Additionally, students in all school districts implementing Nme Teachings complete a pre and post assessment evaluating their understanding of the material presented in the unit. The posttest average demonstrates in increase of 19 percentage points. The most significant increases were in knowledge and understanding around the tribal perspective on and reciprocal relationship with Nme (lake sturgeon); understanding of dams and fish passages; and practices in tribal fisheries.


STEAM Programming:

Our STEAM (science, technology, engineering, arts, and mathematics) programs engage and support the identities of our Native students through culturally responsive education activities that weave academic and cultural knowledge. Activities are hands-on, field-based activities rooted in Odawa perspectives. They engage students in meaningful and rigorous ways both to promote learning and engagement in STEAM-related domains.


Several critical issues in education motivated our decision to move to a focus on science or STEAM (science, technology, engineering, arts, and mathematics) programming.

  • First, there is simultaneously a great need for Indigenous STEM (science, technology, engineering, and mathematics) professionals at the tribe and significant underrepresentation of Indigenous people in STEM fields. This underrepresentation is linked with historically low student achievement with Native learners, particularly at the K-12 level.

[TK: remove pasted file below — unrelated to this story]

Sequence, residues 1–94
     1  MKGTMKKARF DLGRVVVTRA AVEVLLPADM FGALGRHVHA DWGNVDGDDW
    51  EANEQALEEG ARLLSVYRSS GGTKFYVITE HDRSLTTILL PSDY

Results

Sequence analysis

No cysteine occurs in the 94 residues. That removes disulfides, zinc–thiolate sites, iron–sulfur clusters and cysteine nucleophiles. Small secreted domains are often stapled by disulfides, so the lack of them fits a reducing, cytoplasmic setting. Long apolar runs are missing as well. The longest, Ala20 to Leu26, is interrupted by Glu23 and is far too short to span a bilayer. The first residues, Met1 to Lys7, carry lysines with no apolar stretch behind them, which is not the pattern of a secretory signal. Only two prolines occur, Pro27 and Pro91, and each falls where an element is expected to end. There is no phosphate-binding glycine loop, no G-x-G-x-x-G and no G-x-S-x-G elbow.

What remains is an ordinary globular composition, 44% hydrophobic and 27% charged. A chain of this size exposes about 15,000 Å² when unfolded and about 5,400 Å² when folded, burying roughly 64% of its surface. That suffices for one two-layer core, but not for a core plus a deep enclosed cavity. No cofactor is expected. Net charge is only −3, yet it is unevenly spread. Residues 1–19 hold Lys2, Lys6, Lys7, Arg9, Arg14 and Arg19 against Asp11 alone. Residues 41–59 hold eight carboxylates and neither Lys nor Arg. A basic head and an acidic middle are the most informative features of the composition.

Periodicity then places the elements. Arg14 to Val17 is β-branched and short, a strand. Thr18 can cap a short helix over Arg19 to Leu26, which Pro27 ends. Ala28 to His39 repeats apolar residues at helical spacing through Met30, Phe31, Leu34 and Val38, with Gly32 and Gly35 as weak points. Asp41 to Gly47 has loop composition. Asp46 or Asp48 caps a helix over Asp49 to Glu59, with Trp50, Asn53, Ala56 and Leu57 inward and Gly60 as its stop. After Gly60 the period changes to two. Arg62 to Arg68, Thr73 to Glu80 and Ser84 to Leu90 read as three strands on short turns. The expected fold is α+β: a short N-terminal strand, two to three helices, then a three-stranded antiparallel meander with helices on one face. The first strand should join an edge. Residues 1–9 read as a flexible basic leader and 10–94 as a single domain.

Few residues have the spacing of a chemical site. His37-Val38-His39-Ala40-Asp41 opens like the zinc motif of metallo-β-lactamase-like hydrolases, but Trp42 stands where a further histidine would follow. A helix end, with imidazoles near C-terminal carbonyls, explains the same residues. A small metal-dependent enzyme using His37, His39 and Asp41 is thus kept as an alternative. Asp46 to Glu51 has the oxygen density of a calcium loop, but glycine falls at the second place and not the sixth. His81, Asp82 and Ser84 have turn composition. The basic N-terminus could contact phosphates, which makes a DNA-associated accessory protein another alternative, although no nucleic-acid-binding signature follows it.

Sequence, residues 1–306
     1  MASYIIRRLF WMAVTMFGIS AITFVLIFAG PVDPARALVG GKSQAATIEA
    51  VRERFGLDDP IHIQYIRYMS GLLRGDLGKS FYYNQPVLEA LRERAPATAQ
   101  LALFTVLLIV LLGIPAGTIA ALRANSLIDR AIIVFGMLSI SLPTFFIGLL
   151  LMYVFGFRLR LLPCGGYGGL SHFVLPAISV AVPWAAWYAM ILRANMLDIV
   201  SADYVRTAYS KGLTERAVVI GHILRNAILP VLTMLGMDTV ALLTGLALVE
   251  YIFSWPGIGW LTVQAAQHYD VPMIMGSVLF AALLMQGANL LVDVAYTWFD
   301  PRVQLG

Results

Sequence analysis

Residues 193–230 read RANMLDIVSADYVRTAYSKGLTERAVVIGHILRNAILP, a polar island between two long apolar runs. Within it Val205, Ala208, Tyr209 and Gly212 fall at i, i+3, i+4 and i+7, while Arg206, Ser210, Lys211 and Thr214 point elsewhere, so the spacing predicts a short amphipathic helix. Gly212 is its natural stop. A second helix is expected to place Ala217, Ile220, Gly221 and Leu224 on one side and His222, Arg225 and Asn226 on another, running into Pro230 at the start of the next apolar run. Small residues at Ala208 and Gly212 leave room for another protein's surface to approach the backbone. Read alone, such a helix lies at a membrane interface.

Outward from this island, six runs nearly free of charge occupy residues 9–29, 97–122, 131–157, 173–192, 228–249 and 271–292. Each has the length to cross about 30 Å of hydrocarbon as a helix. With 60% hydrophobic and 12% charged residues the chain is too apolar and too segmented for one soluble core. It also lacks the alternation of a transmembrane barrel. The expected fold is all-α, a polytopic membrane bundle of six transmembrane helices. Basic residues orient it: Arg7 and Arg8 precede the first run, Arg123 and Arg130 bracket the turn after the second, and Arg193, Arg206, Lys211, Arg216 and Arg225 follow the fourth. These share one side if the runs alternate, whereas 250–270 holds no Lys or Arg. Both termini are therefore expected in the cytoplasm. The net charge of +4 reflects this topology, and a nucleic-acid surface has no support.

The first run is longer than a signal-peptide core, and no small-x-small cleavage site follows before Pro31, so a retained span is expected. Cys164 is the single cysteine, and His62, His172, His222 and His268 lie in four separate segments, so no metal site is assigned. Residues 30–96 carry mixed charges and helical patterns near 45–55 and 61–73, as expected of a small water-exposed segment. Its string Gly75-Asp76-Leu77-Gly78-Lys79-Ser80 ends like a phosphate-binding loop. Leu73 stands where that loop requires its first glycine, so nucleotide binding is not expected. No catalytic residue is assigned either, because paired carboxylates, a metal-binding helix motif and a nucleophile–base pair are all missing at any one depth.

• Science education fails to engage Native students and their identities and thus there needs to be culturally responsive instruction. Science education is a critical site of identity development and cultural vitality – or unfortunately sites in which identity and cultural vitality is often undermined unnecessarily. Science classrooms typically are places in which children are directly or indirectly taught that our traditions and ways of knowing are wrong (e.g. water and rocks are non-living things) and European-American ways of knowing are privileged. Typically, national test scores in science tend to be strong for Native students through 4th grade with a significant drop-off at the 5th grade level.
  • Observation and learning to see the world as a set of complex, interrelated systems is a critical skill for science practitioners. The integration of arts into science learning is being used as a way to discipline perception and observation.


Participants engage in activities such as:

  • Plant identification (edible and medicinal)
  • medicine harvesting and processing
  • Comparison of modern diet and traditional diet
  • Investigating environmental impacts caused by consuming food not locally produced
  • Feasts, fasting and connections to Odawa-Anishinaabe spirituality
  • Promoting water fowl biodiversity through wild rice enhancement on inland lakes and rivers
  • Traditional harvesting and processing of wild rice
  • Using GIS technology to map resources on tribal land base
  • Receiving cultural water teachings
  • Watershed education
  • Investigating eco-system health
  • Investigating impacts of invasive species like Emerald Ash Borer on traditional cultural arts
  • Facilitated observation
  • Peer teaching
  • Civic action around environmental issues